On Sat, Apr 20, 2013 at 6:07 AM, John Szakmeister <j...@szakmeister.net> wrote:
> I really like the idea of remote-hg, but it appears to be awfully slow
> on the clone step:

The short answer is no. I do have a couple of patches that improve
performance, but not by a huge factor.

I have profiled the code, and there are two significant places where
performance is wasted:

1) Fetching the file contents

Extracting, decompressing, transferring, and then compressing and
storing the file contents is mostly unavoidable, unless we already
have the contents of such file, which in Git, it would be easy to
check by analyzing the checksum (SHA-1). Unfortunately Mercurial
doesn't have that information. The SHA-1 that is stored is not of the
contents, but the contents and the parent checksum, which means that
if you revert a modification you made to a file, or move a file, any
operation that ends up in the same contents, but from a different
path, the SHA-1 is different. This means the only way to know if the
contents are the same, is by extracting, and calculating the SHA-1
yourself, which defeats the purpose of what you want the calculation

I've tried, calculating the SHA-1 and use a previous reference to
avoid the transfer, or do the transfer, and let Git check for existing
objects doesn't make a difference.

This is by Mercurial's stupid design, and there's nothing we, or
anybody could do about it until they change it.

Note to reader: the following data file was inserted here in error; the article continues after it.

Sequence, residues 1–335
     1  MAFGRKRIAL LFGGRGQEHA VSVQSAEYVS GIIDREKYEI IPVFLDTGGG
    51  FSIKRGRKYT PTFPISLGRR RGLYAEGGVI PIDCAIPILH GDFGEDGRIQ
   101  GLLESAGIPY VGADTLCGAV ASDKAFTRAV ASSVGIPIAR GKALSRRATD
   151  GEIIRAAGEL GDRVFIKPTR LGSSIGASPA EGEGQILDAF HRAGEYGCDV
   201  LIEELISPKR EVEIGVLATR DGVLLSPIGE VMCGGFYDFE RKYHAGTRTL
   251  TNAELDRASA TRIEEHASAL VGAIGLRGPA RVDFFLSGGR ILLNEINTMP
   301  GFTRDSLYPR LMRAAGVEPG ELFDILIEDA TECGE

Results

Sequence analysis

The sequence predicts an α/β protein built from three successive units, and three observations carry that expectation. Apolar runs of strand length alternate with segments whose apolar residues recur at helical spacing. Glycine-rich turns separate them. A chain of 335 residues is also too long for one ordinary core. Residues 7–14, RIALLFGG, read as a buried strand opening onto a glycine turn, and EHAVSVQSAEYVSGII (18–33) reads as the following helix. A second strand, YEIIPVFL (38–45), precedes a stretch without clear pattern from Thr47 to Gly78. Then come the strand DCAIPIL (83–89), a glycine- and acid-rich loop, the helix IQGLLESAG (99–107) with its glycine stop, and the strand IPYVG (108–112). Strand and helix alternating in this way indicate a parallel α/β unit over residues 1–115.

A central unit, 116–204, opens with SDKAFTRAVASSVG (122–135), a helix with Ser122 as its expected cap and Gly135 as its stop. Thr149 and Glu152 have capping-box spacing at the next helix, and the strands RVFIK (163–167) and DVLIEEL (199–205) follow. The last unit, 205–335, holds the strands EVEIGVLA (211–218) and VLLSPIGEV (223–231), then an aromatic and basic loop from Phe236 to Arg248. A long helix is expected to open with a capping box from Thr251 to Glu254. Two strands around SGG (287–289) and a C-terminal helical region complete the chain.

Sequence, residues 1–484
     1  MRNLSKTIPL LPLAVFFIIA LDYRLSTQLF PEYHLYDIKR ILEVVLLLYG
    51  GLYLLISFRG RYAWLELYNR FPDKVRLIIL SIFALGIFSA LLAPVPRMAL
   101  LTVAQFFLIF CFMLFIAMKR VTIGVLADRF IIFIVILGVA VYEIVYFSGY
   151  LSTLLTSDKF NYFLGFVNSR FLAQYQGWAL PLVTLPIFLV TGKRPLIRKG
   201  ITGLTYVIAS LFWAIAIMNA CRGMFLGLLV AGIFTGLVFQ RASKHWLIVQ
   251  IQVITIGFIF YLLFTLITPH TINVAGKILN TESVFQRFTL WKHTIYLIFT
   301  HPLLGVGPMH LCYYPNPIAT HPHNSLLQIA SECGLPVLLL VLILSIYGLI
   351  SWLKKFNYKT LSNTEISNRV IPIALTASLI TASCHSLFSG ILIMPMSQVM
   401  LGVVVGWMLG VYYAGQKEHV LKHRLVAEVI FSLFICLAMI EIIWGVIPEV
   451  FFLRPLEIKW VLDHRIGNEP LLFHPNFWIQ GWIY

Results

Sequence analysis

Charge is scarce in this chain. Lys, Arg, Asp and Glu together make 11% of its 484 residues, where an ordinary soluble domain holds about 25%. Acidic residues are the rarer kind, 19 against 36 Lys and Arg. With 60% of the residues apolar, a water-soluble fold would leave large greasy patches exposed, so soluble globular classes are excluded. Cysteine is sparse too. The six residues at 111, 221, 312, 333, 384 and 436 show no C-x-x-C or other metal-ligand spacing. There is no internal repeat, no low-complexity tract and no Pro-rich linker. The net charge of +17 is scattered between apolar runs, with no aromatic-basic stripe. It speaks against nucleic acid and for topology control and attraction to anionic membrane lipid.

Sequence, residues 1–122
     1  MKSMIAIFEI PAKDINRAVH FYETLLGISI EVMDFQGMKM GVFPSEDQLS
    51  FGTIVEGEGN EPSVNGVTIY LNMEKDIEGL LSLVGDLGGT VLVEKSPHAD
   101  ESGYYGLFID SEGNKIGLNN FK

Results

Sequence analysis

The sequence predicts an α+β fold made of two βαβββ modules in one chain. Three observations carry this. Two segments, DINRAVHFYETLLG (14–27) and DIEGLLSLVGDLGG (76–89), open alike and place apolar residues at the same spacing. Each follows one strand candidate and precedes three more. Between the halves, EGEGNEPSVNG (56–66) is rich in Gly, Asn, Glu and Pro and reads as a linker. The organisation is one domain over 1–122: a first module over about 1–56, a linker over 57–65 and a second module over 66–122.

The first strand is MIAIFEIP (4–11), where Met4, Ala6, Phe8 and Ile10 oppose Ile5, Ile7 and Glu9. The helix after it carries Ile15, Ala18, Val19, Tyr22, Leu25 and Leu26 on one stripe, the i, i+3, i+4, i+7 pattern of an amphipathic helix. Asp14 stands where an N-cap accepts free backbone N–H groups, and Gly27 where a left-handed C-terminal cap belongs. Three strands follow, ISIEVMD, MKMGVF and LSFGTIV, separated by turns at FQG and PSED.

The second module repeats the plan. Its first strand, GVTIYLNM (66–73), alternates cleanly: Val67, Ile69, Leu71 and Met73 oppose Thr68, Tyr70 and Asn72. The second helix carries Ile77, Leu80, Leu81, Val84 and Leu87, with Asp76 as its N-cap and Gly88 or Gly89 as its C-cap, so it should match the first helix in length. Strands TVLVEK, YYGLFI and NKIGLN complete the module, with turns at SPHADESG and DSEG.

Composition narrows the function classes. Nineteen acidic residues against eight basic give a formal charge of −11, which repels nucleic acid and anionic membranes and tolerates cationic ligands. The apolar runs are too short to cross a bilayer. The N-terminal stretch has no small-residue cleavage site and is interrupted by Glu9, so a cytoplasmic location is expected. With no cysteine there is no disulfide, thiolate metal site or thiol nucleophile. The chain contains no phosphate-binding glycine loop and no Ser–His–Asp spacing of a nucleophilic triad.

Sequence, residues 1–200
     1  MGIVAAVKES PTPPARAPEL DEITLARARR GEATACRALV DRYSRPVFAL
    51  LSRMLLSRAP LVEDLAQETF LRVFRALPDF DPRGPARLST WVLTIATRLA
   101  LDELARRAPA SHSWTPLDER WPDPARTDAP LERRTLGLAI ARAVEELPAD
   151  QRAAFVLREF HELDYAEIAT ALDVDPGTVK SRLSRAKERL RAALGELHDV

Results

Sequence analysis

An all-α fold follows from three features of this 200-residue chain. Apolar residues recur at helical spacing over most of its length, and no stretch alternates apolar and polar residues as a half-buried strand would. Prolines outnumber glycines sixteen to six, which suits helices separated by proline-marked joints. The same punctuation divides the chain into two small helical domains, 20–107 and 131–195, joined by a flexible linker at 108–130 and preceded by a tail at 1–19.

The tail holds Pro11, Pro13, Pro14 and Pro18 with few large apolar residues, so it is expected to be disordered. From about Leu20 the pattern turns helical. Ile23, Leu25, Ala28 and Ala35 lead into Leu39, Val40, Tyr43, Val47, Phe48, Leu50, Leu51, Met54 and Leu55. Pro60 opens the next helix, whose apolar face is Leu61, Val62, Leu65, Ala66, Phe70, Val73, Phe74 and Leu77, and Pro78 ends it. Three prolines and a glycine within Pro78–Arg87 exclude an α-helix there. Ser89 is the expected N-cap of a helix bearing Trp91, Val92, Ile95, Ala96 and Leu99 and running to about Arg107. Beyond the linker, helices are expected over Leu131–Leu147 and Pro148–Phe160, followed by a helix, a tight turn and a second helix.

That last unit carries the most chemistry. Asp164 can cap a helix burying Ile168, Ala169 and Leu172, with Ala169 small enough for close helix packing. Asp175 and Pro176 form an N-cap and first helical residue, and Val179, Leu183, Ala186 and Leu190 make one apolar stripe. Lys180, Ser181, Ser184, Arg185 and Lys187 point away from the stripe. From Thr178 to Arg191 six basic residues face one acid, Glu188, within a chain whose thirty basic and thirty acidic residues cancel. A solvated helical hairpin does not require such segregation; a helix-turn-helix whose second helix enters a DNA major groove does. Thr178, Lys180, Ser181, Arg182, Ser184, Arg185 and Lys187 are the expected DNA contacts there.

2) Checking for file changes

For each commit (or revision), we need to figure out which files were
modified, and for that, Mercurial has a neat shortcut that stores such
modifications in the commit context itself, so it's easy to retrieve.
Unfortunately, it's sometimes wrong.

Since the Mercurial tools never use this information for any real
work, simply to show the changes to the users, Mercurial folks never
noticed the contents they were storing were wrong. Which means if you
have a repository that started with old versions of mercurial, chances
are this information would be wrong, and there's no real guarantee
that future versions won't have this problem, since to this day this
information continues to be used only display stuff to the user.

So, since we cannot rely on this, we need to manually check for
differences the way Mercurial does, which blows performance away,
because you need to get the contents of the two parent revisions, and
compare them away. My content I mean the the manifest, or list of
files, which takes considerable amount of time.

For 1) there's nothing we can do, and for 2) we could trust the files
Mercurial thinks were modified, and that gives us a very significant
boost, but the repository will sometimes end up wrong. Most of the
time is spent on 2).

So unfortunately there's nothing we can do, that's just Mercurial
design, and it really has nothing to do with Git. Any other tool would
have the same problems, even a tool that converts a Mercurial
repository to Mercurial (without using tricks).

It seems Bazaar is more sensible in this regard; 1) the checksums are
try of the file contents, and 2) each revision does store the file
modifications correctly. So a clone in Bazaar is much faster. In my
opinion Mercurial just screwed up their design.


Felipe Contreras
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